I've been out and about at some golf facilities the last few days and heard near unanimous frustration at how boring the Masters has become.

We've considered the architectural and setup influences, but after reading Stu Schneider's TV Rewind column in this week's Golf World (column not posted), it seems that we should not discount just how much CBS's presentation has played into the change in perception.

The Frank Chirkinian presentation style that many of us enjoyed showed more shots and imany more of them live than we see with Lance Barrow's production approach. Schneider points out how long it took for CBS to show several shots, including Ogilvy's eagle on 13 and most amazingly, a Zach Johnson eagle birdie on 3 followed by a Vaughn Taylor missing an eagle putt on 2, even though they were paired together.

Is this playing a role in uh, "rebranding" the Masters as more of a U.S. Open style event? 


Watering Greens During A Tournament

syringing_inside.jpgI know I promised I'd asked my last Masters question, but the debate is just too good to let go of in light of all the great comments that this years Masters is generating.

In the Rosaforte and Davis pieces critiquing the setup and architecture, there were a couple of interesting comments about the Saturday night green watering.

Is it the sign of a good setup when you have to water greens during tournament play (with light winds)?

Is it a sound setup when you play three days firm and then soak them for one day?

Consider what Rosaforte wrote

 Some players felt the water should have been turned on earlier, but Ridley and the Competition Committee did eventually turn on the hoses. "Yesterday we saw the weather and relocated some of the pins to make it fairer," said David Graham sitting at lunch. The two-time major winner has served on the Cup and Tee Marking Committee for 17 years and stated the goal was to make it as difficult as possible without crossing the line, "but this week was more difficult than a British Open."

And here's what Davis submitted:

In the past, the competition committee has aimed to get the greens here to dry out as the week goes on. On Sunday morning, the greens were wet and receptive even though it didn't rain here on Saturday night. That's what you call a concession, but by then it was too late. Even though Sunday was a relatively wind-free, balmy day, the average score was 74.33, and the lowest score was a 69 (and only three players shot that).

It seems that the ideal setup is one where the greens do not have to be artificially controlled by such a dramatic shift in watering. One could argue that a SubAir draining of moisture is just as contrived, but I would argue that that is done in an attempt to firm up conditions in order to accentuate skill.

The watering this year was, as Davis wrote, a "concession." A move made after Daddy had whipped the boys around, and decided to let the flatbellies have their Sunday fun. I don't get the sense this concession was one made with great pleasure.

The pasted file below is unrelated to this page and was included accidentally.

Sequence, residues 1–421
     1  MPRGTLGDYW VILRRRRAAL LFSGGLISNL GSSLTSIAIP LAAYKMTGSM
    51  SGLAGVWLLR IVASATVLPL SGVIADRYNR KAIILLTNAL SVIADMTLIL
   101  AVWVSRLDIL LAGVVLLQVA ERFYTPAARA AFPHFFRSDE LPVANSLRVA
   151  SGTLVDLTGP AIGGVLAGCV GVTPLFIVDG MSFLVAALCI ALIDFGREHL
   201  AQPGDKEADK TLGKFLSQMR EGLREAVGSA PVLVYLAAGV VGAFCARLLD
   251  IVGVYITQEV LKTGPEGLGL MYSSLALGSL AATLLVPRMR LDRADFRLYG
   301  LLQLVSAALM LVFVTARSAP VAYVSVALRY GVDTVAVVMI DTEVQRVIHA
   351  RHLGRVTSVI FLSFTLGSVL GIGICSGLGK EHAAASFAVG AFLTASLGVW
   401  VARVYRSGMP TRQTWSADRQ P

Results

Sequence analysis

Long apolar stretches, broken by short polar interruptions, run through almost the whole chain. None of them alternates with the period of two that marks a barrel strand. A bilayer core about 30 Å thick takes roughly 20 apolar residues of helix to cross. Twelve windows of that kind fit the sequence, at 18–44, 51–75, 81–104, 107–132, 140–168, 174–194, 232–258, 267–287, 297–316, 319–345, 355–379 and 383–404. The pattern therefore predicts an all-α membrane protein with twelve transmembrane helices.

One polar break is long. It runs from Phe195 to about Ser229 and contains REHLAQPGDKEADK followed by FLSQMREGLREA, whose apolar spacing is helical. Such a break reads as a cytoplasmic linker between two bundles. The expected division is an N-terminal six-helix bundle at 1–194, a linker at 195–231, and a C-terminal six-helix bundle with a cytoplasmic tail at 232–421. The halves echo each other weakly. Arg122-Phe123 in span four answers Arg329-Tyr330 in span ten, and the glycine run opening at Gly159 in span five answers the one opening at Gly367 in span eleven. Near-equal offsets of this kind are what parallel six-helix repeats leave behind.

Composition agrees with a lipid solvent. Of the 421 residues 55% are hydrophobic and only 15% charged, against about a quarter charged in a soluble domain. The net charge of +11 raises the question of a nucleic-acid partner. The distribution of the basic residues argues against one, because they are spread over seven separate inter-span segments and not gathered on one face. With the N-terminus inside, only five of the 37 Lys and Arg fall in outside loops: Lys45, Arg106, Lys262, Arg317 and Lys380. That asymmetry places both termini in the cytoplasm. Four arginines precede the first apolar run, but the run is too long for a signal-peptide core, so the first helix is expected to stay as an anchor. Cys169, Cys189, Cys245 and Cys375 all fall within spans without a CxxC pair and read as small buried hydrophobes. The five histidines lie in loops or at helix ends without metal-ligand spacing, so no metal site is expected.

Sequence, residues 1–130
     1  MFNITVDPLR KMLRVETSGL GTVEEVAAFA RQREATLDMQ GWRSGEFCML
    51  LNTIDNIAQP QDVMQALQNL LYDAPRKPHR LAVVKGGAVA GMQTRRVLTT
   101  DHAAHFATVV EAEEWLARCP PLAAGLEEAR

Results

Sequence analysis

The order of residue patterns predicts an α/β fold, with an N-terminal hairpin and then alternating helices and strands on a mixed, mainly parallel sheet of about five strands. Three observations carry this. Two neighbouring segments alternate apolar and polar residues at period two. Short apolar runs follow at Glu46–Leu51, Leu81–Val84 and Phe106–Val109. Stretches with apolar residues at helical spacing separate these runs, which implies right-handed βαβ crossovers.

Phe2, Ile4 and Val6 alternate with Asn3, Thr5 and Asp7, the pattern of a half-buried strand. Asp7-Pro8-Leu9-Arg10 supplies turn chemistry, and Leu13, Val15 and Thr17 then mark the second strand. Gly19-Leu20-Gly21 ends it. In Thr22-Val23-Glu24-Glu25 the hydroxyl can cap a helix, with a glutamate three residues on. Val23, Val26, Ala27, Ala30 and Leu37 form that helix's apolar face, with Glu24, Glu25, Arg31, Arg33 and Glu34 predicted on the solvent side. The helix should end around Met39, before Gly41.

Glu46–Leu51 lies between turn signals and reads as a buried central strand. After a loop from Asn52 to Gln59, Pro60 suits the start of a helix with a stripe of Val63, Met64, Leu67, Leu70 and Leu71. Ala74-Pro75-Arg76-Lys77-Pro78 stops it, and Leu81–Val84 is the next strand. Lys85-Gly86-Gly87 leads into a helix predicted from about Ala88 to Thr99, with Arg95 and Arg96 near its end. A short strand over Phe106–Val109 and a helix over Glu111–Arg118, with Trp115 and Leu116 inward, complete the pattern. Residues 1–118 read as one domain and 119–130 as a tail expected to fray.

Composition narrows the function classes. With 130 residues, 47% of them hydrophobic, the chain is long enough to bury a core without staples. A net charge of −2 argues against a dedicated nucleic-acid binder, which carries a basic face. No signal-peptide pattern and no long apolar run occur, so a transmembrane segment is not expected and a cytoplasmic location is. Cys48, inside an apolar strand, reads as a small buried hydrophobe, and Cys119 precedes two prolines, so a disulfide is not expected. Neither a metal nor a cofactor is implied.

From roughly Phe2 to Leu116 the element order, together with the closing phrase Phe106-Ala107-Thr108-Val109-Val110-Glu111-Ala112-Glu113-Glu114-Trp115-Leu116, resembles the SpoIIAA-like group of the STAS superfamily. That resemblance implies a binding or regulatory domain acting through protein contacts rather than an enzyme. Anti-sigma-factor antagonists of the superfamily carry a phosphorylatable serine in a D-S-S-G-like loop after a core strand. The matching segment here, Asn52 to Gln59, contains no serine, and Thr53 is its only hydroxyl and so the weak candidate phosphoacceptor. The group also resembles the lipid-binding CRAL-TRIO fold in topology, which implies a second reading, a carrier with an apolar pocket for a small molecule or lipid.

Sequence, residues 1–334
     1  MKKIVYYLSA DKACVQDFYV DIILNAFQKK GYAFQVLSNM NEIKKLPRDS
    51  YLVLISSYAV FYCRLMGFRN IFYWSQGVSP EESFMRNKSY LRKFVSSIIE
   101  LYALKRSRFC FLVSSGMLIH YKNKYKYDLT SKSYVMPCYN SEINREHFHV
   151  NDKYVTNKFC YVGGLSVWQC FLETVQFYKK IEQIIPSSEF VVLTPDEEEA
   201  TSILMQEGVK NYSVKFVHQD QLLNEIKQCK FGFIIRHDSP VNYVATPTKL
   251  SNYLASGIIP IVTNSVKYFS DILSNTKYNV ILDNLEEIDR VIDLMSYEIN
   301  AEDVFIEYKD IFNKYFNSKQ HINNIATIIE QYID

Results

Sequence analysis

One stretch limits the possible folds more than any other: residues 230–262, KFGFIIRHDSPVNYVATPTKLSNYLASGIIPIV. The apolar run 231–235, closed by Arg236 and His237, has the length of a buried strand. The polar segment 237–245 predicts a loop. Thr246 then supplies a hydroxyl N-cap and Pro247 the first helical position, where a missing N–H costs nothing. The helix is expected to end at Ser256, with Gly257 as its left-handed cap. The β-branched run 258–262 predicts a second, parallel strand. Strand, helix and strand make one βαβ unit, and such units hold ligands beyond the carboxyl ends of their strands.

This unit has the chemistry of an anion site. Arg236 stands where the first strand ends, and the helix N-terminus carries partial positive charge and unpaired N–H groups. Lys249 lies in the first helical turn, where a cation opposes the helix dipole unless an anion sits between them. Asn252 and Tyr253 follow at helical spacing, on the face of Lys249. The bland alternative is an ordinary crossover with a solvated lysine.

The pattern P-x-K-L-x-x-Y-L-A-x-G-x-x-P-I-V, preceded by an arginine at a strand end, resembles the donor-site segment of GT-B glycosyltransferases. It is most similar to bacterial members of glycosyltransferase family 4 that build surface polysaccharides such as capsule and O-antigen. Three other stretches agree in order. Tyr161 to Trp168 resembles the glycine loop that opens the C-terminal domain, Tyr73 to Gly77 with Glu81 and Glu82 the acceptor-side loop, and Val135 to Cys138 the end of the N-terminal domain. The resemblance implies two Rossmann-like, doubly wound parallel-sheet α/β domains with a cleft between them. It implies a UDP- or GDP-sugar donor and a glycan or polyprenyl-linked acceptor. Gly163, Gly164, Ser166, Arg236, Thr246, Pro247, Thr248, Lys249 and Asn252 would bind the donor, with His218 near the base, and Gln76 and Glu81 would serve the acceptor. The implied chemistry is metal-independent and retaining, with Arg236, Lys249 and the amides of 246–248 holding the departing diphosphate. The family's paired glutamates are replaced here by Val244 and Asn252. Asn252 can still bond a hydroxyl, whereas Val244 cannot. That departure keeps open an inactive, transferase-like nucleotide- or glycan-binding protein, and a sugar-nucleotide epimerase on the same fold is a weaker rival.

So is this what the Masters will be in the future: three days of torture and one day of watering to shut up the critics who dare to dream that we might see another '86-Masters type finish?

I can only recall such dramatic green watering happening to mitigate impending setup fiascos. And not coincidentally, Fred Ridley was the head man during the two most recent examples: 2004 at Shinnecock and the 2007 Masters.



Bamberger On Palmetto

SI's Michael Bamberger writes about Palmetto Golf Club, one of golf's best kept secrets and talks to Rees Jones, whose changes to the place had to be fixed by Tom Doak.

Rees Jones, who gets to Palmetto once a year, during Masters week, first played the course at the invitation of an old friend, Bobby Goodyear, one of the few Palmetto golfers who is also a member at Augusta National. Jones suggested some changes to the course, mostly in the area of bunker restoration, and oversaw the project. "I did the work for free because I love the place, and they have no money," Jones says. One of the things he likes best about Palmetto is that the members have no airs.

One year during Masters week old Tom Moore squeezed in the Jones foursome in front of a group of members.

"Who the hell are you guys?" one of the aggrieved golfers asked Jones.

"Well, that's Michael Bonallack, who runs the R&A," Jones said. "That's David Fay, who runs the USGA. That's David Eger, who runs the USGA competitions."

"Yeah — and who the hell are you?"

The piece does not mention that the greens will be reconstructed and restored to their original dimensions under Gil Hanse's supervision starting in a few weeks.



Huggan and Schofield Clash!

Okay, well not really. But they do engage in an interesting chat about this year's Masters over at


The Reviews Are In...

masterslogo.gif...and the criticism of Augusta National's setup far exceeds the number of defenders, which in itself is monumental since ust few years ago it was rare for a writer to dare question the direction of the course changes.

For starters, it's clear that all of the bickering I've done with Doug Ferguson over the changes will have to continue, because after hearing for years from our great AP writer that we must reserve judgement until a firm and fast week to evaluate the horrid tree planting, shabby looking rough and lack of tee flexibility, apparently we now need to provide a multi-year window before returning a verdict.

It would be easy to suggest that Augusta National ruined its major by adding nearly a quarter-mile of length since 2001, but that would be measuring the Masters based only on this year.

Ugh. I look forward to our next debate Doug!